As in the past, the 2018 legislative year features a number of bills aimed at construction law, land development and, directly or indirectly, home building. We take a look at a handful of the more relevant bills, as well as the New Hampshire Home Builders Association’s legislative position on each proposal.
Senate Bill 557, sponsored by Sen. Bob Giuda (R-Warren), proposes the creation of an administrative tribunal to hear and decide developer appeals from local land use decisions. At present, the State Superior Court is the only forum for such appeals — an appellate track that is known to impose delay, expense and, ultimately, uncertainty. As an option available to applicants who may seek to reverse a local development denial or to modify an approval carrying undesirable conditions, the House Appeals Board would present a new option for bringing an appeal. As a housing-oriented forum, the full-time commissioners would be subject matter experts appointed by the State Supreme Court and commissioned by the governor. The proposed board is modeled upon the existing Board of Tax and Land Appeals, which offers an alternative to the State Superior Court for tax abatement appeals.
Because the delays associated with conventional appeals can often kill or harm otherwise successful development proposals, the NHHBA SUPPORTS passage of SB 557.
Senate Bill 464, sponsored by Sen. Sharon Carson (R-Londonderry), would impose new and strict timelines upon the Department of Transportation’s review of infrastructure modification applications. Private developers often propose new or redeveloped improvements that have a direct connection to a state highway. In these instances, the developer must obtain a permit from the Department of Transportation (DOT) to create, alter or modify intersections with state highways. This process is often cumbersome, expensive and time-consuming. SB 464 attempts to streamline the DOT application process by imposing a new review clock, with real consequences, upon the state’s consideration. For example, an application not reviewed by DOT in the timeframe imposed by the legislation is “deemed to have a permit by default.”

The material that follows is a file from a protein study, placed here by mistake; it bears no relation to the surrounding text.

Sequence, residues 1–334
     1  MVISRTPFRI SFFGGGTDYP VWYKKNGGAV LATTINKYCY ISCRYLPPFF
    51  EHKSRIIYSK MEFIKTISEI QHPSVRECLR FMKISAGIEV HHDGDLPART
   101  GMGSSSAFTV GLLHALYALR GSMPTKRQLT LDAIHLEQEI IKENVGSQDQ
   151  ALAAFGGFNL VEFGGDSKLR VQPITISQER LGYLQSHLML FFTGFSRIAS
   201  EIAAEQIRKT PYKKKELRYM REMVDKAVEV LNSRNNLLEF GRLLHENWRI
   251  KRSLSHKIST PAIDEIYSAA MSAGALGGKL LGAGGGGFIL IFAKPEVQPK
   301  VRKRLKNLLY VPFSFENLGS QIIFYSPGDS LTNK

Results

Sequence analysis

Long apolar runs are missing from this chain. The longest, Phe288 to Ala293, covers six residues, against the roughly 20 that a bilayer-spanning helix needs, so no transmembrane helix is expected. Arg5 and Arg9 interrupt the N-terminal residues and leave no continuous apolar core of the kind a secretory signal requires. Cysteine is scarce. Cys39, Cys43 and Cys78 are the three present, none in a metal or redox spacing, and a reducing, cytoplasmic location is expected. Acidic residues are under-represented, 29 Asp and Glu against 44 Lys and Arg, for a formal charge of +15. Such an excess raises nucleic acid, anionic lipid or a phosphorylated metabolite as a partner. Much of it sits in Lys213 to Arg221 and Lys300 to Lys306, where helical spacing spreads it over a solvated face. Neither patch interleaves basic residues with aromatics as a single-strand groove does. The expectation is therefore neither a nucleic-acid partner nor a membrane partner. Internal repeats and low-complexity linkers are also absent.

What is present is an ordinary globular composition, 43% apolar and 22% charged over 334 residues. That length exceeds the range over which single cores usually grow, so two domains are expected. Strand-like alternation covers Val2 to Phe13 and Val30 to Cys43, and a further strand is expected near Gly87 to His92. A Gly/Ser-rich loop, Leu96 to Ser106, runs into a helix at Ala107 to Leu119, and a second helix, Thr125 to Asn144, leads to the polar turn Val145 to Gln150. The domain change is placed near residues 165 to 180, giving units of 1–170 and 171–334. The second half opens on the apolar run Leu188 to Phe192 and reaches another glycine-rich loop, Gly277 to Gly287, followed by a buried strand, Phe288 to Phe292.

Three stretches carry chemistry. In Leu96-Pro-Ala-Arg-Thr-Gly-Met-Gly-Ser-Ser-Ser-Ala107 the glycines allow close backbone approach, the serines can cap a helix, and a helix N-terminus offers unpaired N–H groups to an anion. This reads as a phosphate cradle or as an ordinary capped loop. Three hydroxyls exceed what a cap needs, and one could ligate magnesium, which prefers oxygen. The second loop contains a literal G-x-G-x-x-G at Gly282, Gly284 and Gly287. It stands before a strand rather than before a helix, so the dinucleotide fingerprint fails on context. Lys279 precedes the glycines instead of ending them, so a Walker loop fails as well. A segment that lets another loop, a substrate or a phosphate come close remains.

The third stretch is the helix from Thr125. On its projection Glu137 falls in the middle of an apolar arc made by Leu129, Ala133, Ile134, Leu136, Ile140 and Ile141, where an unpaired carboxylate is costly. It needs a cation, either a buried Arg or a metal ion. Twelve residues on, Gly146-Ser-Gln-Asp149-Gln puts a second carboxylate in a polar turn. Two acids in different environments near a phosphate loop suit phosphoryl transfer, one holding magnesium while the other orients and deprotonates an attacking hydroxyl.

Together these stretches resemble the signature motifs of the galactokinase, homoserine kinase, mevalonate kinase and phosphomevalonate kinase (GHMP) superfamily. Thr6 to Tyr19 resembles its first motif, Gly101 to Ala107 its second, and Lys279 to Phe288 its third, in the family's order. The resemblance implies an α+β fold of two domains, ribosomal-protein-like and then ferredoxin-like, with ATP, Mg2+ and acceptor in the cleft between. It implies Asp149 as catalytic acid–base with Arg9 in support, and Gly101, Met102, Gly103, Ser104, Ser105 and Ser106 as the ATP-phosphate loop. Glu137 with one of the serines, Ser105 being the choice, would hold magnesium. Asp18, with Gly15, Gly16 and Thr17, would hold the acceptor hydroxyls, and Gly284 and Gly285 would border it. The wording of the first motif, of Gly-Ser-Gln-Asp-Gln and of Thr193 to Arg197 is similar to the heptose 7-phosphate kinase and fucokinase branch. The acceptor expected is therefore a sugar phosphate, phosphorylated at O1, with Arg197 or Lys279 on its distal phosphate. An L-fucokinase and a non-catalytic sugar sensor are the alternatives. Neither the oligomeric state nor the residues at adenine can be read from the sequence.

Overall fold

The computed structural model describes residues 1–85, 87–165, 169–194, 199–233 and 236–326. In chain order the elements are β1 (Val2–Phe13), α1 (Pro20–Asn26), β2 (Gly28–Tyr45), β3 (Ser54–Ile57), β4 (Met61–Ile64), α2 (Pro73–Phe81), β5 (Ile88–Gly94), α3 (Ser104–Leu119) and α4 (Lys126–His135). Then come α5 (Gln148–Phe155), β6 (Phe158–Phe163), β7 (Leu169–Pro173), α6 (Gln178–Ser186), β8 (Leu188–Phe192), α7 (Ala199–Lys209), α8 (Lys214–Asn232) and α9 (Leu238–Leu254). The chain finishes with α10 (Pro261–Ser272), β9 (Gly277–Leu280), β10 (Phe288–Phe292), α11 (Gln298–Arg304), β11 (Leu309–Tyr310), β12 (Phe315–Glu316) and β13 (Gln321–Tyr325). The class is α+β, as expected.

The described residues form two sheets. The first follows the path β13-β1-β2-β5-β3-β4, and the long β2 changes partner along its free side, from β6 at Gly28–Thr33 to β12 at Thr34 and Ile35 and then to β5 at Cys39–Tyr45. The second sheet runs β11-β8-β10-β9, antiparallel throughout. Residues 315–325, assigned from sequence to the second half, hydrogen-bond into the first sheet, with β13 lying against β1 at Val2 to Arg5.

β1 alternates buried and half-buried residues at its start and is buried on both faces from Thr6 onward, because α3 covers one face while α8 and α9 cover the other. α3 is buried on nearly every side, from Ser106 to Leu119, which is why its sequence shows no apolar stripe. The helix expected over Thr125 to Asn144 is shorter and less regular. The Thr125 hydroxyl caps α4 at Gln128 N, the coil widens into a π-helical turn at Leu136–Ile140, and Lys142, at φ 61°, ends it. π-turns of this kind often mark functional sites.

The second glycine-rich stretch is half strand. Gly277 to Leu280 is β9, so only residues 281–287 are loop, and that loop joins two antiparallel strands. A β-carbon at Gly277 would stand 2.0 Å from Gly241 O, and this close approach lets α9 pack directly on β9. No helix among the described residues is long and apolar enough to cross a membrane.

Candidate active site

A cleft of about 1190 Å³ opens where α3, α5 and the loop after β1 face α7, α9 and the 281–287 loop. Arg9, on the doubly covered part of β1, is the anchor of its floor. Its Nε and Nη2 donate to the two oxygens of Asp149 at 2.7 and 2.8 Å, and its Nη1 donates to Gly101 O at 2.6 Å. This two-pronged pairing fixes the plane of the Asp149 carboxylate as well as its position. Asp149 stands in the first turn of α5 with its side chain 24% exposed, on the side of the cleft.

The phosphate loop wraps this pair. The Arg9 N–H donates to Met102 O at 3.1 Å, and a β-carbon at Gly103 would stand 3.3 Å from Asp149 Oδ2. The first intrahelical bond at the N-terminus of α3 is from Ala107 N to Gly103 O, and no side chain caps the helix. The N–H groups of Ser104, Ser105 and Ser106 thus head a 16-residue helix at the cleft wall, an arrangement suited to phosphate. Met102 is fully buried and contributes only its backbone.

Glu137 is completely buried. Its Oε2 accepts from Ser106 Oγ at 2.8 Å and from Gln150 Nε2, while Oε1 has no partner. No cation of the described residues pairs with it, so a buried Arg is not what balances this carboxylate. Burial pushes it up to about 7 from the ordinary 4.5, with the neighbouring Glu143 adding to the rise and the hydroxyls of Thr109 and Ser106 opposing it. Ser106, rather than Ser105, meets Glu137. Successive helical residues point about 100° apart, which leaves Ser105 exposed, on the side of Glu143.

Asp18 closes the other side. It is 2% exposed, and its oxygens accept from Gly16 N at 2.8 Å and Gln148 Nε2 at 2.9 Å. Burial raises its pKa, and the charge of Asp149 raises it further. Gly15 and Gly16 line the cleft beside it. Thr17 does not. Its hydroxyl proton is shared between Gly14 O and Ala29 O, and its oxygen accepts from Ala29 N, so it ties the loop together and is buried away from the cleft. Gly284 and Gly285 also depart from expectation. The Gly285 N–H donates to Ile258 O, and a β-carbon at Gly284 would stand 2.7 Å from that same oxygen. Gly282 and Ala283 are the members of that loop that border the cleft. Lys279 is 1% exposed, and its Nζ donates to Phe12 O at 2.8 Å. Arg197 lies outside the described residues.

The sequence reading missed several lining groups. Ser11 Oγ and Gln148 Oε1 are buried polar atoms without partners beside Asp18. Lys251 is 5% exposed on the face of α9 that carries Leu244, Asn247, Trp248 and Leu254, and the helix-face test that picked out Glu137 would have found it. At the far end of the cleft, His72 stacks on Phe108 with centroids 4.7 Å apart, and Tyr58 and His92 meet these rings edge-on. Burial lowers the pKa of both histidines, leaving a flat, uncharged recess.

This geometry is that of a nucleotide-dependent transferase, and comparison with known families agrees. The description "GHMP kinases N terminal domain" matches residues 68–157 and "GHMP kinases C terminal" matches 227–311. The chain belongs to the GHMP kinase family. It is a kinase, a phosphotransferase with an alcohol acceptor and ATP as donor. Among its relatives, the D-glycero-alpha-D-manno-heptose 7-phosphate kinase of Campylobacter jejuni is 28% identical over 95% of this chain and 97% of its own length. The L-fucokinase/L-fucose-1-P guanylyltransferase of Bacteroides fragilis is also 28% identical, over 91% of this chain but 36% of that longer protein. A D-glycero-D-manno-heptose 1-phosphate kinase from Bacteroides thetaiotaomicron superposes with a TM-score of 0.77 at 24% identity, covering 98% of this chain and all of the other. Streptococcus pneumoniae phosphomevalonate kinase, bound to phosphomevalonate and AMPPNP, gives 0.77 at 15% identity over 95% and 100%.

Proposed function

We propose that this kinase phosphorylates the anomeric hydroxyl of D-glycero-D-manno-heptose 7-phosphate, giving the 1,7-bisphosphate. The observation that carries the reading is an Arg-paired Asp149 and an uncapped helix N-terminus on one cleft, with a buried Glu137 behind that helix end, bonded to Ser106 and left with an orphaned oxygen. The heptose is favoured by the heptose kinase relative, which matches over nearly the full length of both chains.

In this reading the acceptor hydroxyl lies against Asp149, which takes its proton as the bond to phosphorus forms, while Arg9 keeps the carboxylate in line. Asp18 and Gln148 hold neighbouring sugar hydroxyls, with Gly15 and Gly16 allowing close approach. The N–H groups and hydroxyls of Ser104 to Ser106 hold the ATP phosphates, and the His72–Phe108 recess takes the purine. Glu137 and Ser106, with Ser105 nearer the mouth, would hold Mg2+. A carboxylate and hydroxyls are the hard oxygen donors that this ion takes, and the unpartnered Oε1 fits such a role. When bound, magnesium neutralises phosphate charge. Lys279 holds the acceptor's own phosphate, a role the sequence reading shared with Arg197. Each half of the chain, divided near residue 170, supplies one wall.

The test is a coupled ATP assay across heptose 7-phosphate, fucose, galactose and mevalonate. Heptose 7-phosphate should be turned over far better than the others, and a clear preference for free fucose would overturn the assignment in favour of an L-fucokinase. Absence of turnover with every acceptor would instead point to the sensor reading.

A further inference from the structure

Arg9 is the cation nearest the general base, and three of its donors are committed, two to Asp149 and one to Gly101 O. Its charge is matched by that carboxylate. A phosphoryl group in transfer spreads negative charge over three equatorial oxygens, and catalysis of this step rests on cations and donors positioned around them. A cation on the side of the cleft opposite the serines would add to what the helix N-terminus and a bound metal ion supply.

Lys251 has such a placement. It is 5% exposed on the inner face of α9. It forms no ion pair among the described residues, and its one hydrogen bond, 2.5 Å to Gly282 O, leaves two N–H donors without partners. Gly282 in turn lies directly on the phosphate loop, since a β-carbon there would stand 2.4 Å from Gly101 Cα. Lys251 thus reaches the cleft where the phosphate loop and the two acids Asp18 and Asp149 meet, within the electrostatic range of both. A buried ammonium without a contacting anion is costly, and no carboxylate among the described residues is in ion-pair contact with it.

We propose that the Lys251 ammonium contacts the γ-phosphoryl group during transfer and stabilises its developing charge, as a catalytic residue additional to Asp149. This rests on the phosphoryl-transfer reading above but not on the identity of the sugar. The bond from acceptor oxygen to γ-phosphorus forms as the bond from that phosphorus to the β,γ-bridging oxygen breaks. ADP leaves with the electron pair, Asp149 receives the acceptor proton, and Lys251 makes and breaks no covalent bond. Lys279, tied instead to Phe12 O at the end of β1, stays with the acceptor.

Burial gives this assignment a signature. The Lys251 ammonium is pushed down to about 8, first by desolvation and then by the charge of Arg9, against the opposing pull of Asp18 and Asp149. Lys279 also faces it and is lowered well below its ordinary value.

As these types of administrative timelines have proven effective in the context of environmental permitting, the NHHBA SUPPORTS passage of SB 464.
Senate Bill 301, sponsored by Sen. Jeb Bradley (R-Wolfeboro), proposes a temporary reduction of the real estate transfer tax for first-time New Hampshire homebuyers. Reducing the tax from $0.75/$1,000 to $0.50/$1,000 for a period of two years, SB 301 is supported by Governor Sununu and Senate leadership as an additional means of making home ownership more affordable for New Hampshire residents.
As the cost of quality and affordable workforce housing continues to rise, the NHHBA SUPPORTS passage of SB 301.
House Bill 1104, sponsored by Rep. Dick Hinch (R-Merrimack), is the recent work product of Governor Sununu’s Regulatory Reform Steering Committee. Amid a list of business-friendly reforms, the highlights relevant to the building trades include: (a) creation of a “certified application preparer program” to streamline minimum impact wetlands applications; (b) a process for prompt and inexpensive resolution of conflicts between the state building code and fire code; and, (c) licensure reciprocity with other state jurisdictions for occupational or professional licenses. HB 1104 has been and will continue to be the subject of much debate, further amendment and tweaks as different or additional reform concepts are introduced to and removed from the conversation.